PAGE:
Friday, November 23, 2012

Christmas Cactus

Yesterday, for Thanksgiving, my mother-in-law brought me a Christmas cactus.  This gave me the idea to tell you a little about the plant, and to give some tips about how to care for it.

The Christmas cactus, or Schlumbergera, is native to the mountains of south-eastern Brazil.  It likes shade and high humidity.  It can be recognized by its leaf-like pads and pink flowers which flower only around Thanksgiving or Christmas (hence the name).

Here are some tips for caring for your Christmas cactus:

1.  Keep away from direct sunlight, drafts, heat vents, or fireplaces.

2.  Provide a source of humidity.  You can put a tray of water next to the plant, so that the water evaporates and provides humidity.

3.  Do not  overwater.  Once a week should be enough.  And if you can, don't water from the top.  It is best to put the plant in a tray of water and allow water to seep through holes in the bottom of the container.

4.  Prune your cactus one month after blooming.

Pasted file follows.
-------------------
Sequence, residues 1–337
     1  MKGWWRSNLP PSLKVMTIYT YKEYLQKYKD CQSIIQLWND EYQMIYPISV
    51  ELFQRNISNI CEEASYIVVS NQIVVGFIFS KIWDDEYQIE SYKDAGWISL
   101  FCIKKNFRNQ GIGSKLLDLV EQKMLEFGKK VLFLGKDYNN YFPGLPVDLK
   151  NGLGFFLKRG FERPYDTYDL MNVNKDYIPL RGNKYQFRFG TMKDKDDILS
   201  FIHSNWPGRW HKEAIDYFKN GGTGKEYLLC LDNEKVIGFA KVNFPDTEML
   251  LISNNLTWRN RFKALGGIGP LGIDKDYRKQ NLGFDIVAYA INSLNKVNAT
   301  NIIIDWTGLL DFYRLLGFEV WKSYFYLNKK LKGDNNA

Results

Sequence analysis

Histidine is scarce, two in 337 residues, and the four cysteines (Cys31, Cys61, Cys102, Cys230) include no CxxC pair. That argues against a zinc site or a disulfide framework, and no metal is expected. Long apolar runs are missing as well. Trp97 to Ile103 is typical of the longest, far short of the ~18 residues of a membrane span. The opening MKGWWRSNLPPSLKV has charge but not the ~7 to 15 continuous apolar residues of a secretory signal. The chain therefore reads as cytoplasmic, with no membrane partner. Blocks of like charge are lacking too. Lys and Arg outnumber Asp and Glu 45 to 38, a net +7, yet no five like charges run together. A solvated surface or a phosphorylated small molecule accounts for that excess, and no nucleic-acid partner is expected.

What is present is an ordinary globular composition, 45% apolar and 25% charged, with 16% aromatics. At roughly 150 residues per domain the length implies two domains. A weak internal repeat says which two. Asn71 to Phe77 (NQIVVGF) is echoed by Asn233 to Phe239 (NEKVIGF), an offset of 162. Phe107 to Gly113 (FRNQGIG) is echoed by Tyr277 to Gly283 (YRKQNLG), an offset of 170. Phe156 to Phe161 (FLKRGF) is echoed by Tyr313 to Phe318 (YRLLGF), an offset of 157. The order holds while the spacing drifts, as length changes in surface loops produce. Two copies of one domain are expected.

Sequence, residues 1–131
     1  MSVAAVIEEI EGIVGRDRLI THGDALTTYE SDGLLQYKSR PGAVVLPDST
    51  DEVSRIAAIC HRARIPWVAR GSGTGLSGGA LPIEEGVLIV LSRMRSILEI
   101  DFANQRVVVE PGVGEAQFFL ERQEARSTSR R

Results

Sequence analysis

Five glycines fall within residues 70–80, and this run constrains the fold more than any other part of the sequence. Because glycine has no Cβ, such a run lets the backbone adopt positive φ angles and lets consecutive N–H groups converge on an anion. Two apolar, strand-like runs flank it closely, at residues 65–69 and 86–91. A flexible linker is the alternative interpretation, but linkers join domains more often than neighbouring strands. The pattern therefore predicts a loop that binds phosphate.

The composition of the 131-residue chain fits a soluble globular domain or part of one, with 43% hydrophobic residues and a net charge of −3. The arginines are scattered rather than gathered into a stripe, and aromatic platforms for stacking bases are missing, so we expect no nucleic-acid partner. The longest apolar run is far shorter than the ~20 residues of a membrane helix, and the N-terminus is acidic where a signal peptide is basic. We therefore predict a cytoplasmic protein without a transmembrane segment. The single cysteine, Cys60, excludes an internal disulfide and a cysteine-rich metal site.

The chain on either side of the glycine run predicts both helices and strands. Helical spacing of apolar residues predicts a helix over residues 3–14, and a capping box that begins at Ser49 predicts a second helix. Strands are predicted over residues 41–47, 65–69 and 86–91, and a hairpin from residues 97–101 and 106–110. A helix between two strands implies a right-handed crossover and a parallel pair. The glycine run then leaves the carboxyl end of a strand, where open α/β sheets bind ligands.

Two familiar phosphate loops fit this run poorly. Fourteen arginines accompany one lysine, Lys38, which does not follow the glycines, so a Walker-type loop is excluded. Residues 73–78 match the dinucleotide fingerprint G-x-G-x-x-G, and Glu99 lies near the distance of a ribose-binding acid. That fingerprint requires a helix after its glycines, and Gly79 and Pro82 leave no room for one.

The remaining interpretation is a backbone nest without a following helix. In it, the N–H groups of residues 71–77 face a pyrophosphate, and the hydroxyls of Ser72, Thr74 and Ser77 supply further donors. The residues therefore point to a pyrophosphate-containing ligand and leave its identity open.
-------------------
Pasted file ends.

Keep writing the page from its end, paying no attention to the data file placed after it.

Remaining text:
9 comments:

  1. Hi Sherry .. my sister-in-law has one .. and it's been through the severe drought period, with loads of dust all over it .. at some stage - the poor thing got rescued and cared for - then flowered!! Stocky and tough little things - I had one .. but loved it too much!!

    Cheers - and what a thoughtful MIL ... Hilary

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    1. That was one tough Christmas cactus!

      Yes, my MIL is very thoughtful!

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  2. I'm hoping to get a Christmas cactus this year, so thank you for sharing about the care of them.

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    1. Now you'll know how to take care of it!

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  3. Nice plant! With all those rules though, we'd kill it for sure.

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  4. very pretty and good to have tips. I got a Black Friday 99 cent poinsettia yesterday at Lowe's. Hope I can keep it alive until Christmas. I'm notorious for overwater. I shall contain myself. Enjoy your cactus for the month.

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  5. Funny enough I just found an abandoned Christmas Cactus and adopted it. I didn't know what it was until I read this post!

    Thanks for the info! Now to take it out of the sunlight...

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